Returning From Durango


November 07

My stay in Colorado was enriching and energizing despite the complications getting there. As I recently wrote, I had to shift everything around and arrived in Albuquerque super late Monday night. My host arranged for a rental car and I checked in for about 4 hours of rest at a motel. The next morning I set out for a four hour drive through beautiful land. I watched the sunrise over the ruggedly sculpted landscape; drove through an Indian reservation; practiced my presentation aloud (since there was little on the radio); and discovered an oasis like coffee shop in Aztec, CO where I was able to enjoy my first nourishing ‘meal’ in two days. From Aztec, the drive was even more gorgeous as I followed the crystal blue Animas River through the mountains to Durango. I flew standby the following Friday as I couldn’t bring myself to rush home without soaking in a little of the town. My dear friend, Ali, hooked me up with a buddy pass so I was gifted two more days in Durango to walk through the town and trails, make connections with people, explore thrift shops, lay in a crystal bed and deepen friendships with my hosts.



Again, I spent an entire day in the Airport as I was flying standby, this time in Salt Lake City. I flew in between the full moon and the sunrise over the snow peaked mountains of Utah. I’ve begun to find my time in the airports a bit comforting except for the ungodly amounts of water wasted between the automatic flushing and hand washing stations. As our part of the country is in a dire drought, I thought I’d lose it every time I witnessed that much drinking water going down the tubes…(BTW, if ever in the SLC Airport, I enjoyed the best airport meal to date at Squatter’s Brewing Co, one of the only privately locally owned businesses I’ve encountered in an airport ;-) Oh, and I decided to leave the hoops that hadn’t found homes in Durango. We felt pretty sure they’d find homes eventually and if not by purchase, by donation.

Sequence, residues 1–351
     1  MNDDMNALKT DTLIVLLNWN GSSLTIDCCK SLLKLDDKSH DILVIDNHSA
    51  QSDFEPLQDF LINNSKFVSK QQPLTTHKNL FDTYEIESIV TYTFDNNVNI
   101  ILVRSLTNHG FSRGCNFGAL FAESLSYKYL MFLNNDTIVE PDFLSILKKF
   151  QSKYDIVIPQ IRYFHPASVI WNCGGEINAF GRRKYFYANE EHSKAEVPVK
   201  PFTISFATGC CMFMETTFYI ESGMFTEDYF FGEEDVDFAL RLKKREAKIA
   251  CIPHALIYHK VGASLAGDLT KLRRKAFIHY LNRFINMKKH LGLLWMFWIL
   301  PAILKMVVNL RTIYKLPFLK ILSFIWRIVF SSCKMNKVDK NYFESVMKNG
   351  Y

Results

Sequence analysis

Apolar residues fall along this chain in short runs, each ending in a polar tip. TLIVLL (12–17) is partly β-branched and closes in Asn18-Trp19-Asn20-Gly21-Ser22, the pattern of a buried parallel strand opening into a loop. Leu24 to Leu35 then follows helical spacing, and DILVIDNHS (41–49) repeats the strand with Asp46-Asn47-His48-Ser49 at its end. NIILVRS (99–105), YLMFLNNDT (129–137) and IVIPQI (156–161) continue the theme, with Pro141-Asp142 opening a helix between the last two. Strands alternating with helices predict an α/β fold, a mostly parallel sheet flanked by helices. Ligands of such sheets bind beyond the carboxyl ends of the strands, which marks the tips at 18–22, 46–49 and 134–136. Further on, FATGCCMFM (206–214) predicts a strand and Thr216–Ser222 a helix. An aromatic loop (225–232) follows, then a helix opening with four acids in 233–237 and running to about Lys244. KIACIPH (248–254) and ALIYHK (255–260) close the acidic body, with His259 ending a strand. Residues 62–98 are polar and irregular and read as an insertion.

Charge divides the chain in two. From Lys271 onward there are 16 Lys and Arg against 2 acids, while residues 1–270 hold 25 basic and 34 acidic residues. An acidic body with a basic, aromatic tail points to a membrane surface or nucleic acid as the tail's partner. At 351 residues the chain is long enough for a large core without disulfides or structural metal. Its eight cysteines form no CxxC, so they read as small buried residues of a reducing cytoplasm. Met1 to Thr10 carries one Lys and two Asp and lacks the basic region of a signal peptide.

My host, Marcy, a professor at Fort Lewis College and wellness activist throughout Durango, was an angel through my entire stay. Not only had she created this opportunity for me to teach here in CO because of her sincere enjoyment of hooping at the National Wellness Conference. She and her partner opened their beautiful dome to me and fed me for my entire stay. She and her partner, Barbara – also a kind and gentle, animal loving person- were beautifully hospitable, conscious, inspiring and insightful. I am forever grateful of this time and my new friends. I have so much gratitude for Marcy for believing in me, the hoop and her instincts that my coming would be significant for the both of us.

I arrived in Durango with about an hour to spare before the presentation (on four hours of sleep!) Getting a bit nervous, I set up my laptop for a slide show, ipod, and video camera (as public speaking has been the greatest challenge of this life for me, I decided to employ this ‘record & revise’ technique for improvement as I now do with hooping. For so long, I was so shy and nearly devastated by watching myself on video in any capacity; then was without the archiving tool; and now consider it such a vehicle for learning. I probably stunted my own development as a hooper early on because of my shyness in watching video with practice mates in those early stages. Of course, I’ve yet to watch the video, except for my dance performance which looks OK, but since I had so much floor to utilize, I’m going in and out of the camera lens the whole time; - )